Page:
Meet Kyle Lucas

Kyle Lucas, LU 146
Kyle Lucas journeyed out in October of 2018 and was PNCI’s Apprentice of the Year. From Albany, Lucas tackles as much work as he can as he trains to become foreman with his employer. Lucas hopes to one day speak to people at Job Corps, some of the strongest advocates of work in the trades, and inspire others to look into a career in the industry.

How did you get into the industry?
Prior to joining the union, I had heard about the union while attending Job Corp back in 2006–however, after to the economic crash of ‘08, I didn’t consider it a real option at the time and looked elsewhere. Eventually I landed a manufacturing job, working on car parts. A coworker and friend of mine at the plant left, becoming a union carpenter. Luckily, we attended the same gym, and my friend told me about the benefit of joining the trades.

I then looked into a pre-apprenticeship class and ran into Don Stover, who directed me to LP Company–where I worked throughout my entire apprenticeship and still work at today.

How has being a part of a union made a difference in your life?
I can say when I was non-union, I’d probably have to work for 10 years to get where I am now. I feel like the work has made me a better person. I’ve been able to buy a house and provide for my family–the union helped to make that possible.

I’ve always blazed my own trail. I’m not really happy moving with the crowd until I understand why folks are moving in that direction. I’m now very much a union guy after joining–everyone should at least try it and see if it’s for them.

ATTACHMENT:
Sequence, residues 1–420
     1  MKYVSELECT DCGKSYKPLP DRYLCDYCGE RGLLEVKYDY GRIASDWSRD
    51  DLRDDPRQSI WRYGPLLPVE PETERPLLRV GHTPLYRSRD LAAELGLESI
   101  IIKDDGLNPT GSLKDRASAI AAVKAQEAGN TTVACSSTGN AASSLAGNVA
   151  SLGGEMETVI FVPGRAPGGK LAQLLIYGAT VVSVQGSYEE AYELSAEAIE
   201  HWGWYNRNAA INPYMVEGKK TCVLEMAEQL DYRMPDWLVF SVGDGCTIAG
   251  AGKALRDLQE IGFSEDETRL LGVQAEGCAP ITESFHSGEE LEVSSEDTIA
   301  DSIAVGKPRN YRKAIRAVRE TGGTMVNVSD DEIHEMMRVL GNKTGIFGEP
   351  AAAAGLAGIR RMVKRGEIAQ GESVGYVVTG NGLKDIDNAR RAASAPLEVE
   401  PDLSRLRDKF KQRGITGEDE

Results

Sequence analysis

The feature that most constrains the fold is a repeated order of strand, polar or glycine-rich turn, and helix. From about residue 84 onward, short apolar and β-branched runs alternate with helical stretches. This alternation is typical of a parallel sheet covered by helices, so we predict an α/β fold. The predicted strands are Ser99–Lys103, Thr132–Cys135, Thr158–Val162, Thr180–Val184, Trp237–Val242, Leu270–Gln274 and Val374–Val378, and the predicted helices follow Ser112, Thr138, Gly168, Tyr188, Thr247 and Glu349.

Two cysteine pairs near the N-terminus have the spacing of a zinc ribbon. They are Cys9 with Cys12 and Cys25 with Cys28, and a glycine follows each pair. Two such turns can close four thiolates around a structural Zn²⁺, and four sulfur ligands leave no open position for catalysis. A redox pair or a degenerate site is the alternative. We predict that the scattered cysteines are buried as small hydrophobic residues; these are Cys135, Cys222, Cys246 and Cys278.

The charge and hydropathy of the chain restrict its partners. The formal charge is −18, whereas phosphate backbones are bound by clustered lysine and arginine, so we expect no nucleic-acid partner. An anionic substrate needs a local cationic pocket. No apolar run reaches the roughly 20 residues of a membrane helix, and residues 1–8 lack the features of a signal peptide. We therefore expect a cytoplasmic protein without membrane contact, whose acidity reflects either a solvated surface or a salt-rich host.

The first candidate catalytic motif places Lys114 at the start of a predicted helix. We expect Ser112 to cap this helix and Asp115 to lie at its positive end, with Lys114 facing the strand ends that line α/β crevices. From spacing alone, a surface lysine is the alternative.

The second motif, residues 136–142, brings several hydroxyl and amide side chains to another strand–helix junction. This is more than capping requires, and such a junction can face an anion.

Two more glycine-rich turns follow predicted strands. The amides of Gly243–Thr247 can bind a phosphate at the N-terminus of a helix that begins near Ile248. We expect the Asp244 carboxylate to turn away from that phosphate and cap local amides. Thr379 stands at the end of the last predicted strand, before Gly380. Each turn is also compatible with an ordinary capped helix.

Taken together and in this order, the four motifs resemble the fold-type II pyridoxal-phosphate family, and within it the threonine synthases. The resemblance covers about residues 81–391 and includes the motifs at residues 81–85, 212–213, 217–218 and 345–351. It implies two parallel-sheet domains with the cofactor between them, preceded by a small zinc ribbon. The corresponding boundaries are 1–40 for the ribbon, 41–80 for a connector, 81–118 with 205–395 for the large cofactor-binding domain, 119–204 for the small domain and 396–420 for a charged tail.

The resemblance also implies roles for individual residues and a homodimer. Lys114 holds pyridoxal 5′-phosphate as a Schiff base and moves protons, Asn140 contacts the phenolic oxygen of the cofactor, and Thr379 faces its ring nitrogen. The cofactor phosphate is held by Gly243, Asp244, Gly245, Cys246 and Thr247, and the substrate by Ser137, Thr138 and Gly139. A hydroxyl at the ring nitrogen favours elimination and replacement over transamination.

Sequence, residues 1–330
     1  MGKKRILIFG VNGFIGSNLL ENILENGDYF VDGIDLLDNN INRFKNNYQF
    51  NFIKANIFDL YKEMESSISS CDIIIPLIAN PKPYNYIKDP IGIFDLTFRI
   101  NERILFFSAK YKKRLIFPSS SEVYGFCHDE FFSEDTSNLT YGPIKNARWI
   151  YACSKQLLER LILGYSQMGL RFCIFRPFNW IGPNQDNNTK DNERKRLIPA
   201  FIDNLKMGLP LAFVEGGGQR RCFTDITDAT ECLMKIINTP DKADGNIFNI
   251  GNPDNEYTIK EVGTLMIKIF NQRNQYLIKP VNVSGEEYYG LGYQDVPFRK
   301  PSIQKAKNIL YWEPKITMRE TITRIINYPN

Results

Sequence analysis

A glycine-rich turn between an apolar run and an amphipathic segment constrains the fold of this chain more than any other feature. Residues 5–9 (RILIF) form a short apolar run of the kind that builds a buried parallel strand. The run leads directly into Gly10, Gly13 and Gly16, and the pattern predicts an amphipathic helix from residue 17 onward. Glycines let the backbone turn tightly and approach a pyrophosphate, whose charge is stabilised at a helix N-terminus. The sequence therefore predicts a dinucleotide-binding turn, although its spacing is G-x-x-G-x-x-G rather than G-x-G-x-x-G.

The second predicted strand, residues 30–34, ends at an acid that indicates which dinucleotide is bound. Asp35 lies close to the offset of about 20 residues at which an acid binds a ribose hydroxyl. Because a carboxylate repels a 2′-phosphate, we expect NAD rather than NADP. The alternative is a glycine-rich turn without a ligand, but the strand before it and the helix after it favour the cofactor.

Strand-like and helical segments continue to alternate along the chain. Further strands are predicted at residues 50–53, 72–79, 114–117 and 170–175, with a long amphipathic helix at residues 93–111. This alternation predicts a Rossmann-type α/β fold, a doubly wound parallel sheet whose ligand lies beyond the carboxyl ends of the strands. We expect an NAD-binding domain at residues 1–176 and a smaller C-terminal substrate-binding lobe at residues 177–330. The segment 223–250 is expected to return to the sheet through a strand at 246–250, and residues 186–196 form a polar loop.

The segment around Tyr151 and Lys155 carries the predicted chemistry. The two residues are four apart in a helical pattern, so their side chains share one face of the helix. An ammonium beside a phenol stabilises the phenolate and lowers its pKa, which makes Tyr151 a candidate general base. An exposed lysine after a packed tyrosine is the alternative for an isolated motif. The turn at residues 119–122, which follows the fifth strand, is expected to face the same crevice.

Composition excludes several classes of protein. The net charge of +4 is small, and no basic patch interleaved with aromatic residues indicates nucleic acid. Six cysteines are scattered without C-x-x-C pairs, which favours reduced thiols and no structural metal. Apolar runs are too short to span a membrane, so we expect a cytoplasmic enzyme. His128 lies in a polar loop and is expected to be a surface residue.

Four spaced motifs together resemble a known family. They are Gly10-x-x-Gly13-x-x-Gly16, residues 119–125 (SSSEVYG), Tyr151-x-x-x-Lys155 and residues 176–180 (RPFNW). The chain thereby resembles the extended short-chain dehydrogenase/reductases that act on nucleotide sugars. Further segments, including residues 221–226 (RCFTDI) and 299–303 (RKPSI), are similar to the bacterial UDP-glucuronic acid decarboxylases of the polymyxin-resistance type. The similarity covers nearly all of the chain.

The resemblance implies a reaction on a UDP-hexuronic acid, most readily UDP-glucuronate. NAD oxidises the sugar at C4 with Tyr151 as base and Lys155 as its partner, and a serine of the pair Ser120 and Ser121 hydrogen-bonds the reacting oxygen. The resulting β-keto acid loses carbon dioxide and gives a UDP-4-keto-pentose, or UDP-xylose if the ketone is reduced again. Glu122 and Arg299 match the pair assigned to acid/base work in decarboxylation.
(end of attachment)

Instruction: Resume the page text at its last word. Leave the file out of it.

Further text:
Kyle on a job site

Do you have any favorite projects from over the years?
I feel lucky that I fell into working for LP Company–they do a lot of start to finish jobs so I’ve learned a lot by seeing jobs all the way through. There was a police station in Albany, Oregon (where I’m from) and I had the chance to work on the framing, drywall and ceilings. Some time after that, I even got to work on a steel stud roof at Linn-Benton Community College.

I had the opportunity to learn a lot through LP, as they always have another job lined up–either one that needs starting or one that needs finishing. It’s been great.

Have you had mentors in your career? Have you been a mentor?
I want to thank several people who turned me onto the company, such as Franto Sternot, my supervisor; Doug Bema, my journeyman; and of course the one who turned me onto the union life, Jeff Guggenmos.

Do you have any short term or long term goals in your career as a Union Carpenter?
Looking back, I remember how I had to write a five-year plan when I first started as an apprentice. I’ve met a lot of the goals–I’ve bought a house, journeyed out, and I’m running work. I think I need to find the time and sit down to write a new five-year plan.

One goal I do have is I want the chance to go and speak at some of the Job Corps in the area. They’ve always been big supporters of the trades and unions, they even told me I should look into it when I was a part of it–something I didn’t do (and should have) at the time.

I’m hoping by speaking at the Job Corps I can give people hope, letting them know there are opportunities out there for them.

Do you have advice for those starting out in their career?
Go to your classes, follow the rules, and really apply yourself. If I can do it, anyone can. I had a history of not applying myself in school, but I hit all the goals I’ve set for myself.

I spoke at a pre-apprenticeship class a friend invited me to speak at. I told them ‘I started out when I was 31, and there are guys who are older than me, going through it, and journeying out! So imagine what you can do at your age!

Did You Know?

Apprenticeship programs pay off.

Workers who complete apprenticeship programs earn $300,000 more over their lifetime than peers who don’t. Learn More

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